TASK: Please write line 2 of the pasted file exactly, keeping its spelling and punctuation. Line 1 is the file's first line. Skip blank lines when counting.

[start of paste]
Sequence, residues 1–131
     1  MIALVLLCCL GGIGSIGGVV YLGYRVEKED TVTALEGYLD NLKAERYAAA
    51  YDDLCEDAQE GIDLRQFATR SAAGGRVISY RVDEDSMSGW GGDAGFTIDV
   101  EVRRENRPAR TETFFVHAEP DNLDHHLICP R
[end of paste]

     1  MIALVLLCCL GGIGSIGGVV YLGYRVEKED TVTALEGYLD NLKAERYAAA